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POLICIES AND PROCEDURES
Cell Phones

Recommended Service CarriersText MessagingPower and Battery Life


Cell phone coverage is generally excellent because our routes generally parallel major highways and pass through many populated areas.

Although we do not require you to have a cell phone to participate, if you do not have a cell phone, get one for our events. If you don't want to get a cell phone long term, we recommend either borrowing one for the event or getting a pay as you go type phone plan.

Above and beyond anything else, having a cell phone could save your life should a life-threatening medical emergency arise. You can save precious time and contact emergency medical services directly yourself rather than relying on us if you don't have a cell phone, which could literally mean the difference between life and death in an emergency situation.

You should carry your cell phone with you at all times. This includes while you are riding, at the rest stops, and in our stopping towns. It is quite likely that we, another participant, or someone else not participating in the event will need to contact you directly while you are participating in the event, especially in case of an emergency.

You should have your cell phone turned on and at both the maximum ringer volume and on vibrate if possible so you can both hear and feel your phone, considering there will be such background noise as wind and other people, among other things. You should keep your cell phone located where you can easily hear and/or feel it, such as in your jersey pocket when you are riding or in your pants pocket when you are not.

Recommended Service Carriers
For service carriers we recommend using either AT&T or Verizon. Our staff will use AT&T and since AT&T customers get free in-network calling neither you we will use any minutes to communicate. If you prefer, Verizon supposedly has the best coverage across Illinois from what we've heard, but we have yet to verify this ourselves.

Don't choose T-Mobile since their coverage is lousy along our routes from our experience. We haven't had any significant experience with any other carriers, and can't give any other recommendations. If you have had any experience with any other cell phone carriers across Illinois, good or bad, and would like to share your experience for the benefit of other participants we would greatly appreciate hearing about it!

Text Messaging
To account for unlikely but potential lapses in consistent cell phone coverage you can also send us a text message in case you are unable to call us directly. Text messaging has proved very useful in the past since text messages will sit in a queue until there is an adequate signal for them to be sent and don't require a long consistent signal, as opposed to trying over and over again to talk to us only to be cut off from poor coverage. Please try calling us first before texting though since direct voice communications are by far the best way to communicate and we and you both may have to pay for each text message sent and received. We will not be responsible for any charges you incur as a result of us sending you a text message.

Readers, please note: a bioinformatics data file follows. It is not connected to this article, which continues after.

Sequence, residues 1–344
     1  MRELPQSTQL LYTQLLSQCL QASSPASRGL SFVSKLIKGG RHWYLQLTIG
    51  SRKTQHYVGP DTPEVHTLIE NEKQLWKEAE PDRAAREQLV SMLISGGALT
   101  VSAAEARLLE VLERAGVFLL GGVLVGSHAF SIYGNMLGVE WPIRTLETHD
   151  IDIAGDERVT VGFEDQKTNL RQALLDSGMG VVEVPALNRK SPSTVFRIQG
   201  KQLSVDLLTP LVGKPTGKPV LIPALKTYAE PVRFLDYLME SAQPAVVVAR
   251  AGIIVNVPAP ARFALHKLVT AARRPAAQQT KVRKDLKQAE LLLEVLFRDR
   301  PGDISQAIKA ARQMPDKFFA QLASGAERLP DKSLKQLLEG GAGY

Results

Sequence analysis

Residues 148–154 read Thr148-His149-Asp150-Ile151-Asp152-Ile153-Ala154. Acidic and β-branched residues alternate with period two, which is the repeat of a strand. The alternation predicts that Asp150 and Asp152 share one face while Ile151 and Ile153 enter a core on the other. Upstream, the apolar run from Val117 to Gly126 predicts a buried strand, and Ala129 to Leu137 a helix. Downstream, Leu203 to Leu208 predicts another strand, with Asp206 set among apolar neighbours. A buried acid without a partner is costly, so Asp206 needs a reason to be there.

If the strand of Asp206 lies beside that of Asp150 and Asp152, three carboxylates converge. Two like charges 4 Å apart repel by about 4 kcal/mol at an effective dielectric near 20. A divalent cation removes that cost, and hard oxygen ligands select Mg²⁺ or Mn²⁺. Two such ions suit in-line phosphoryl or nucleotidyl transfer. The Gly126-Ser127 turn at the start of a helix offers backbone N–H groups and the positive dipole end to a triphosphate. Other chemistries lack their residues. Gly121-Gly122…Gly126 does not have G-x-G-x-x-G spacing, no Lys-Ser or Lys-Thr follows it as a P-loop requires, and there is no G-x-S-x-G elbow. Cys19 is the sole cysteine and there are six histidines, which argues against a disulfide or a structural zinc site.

Power and Battery Life
It is very important that you remember to charge your cell phone at night before the ride the next day.

Relatively short battery lives can be a major issue with cell phones, particularly smartphones. By far the most common way a cell phone will fail on the road is simply running out of power and is best prevented through proper personal planning beforehand.

  • Click Here for more information about personal electronic device power sources and how to be personally prepared against running out of power for each type.

If your cell phone runs low or out of power on the road, you will be able to charge it as long as you need to at any rest stop location that has operational electrical outlets.

  • Click Here for more information about on road support for personal electronic devices.

Using Your Smartphone as a GPS Navigation Device

P.O. Box 8454 • Chicago, IL 60680 • (877) TOUR-ILL [868-7455]
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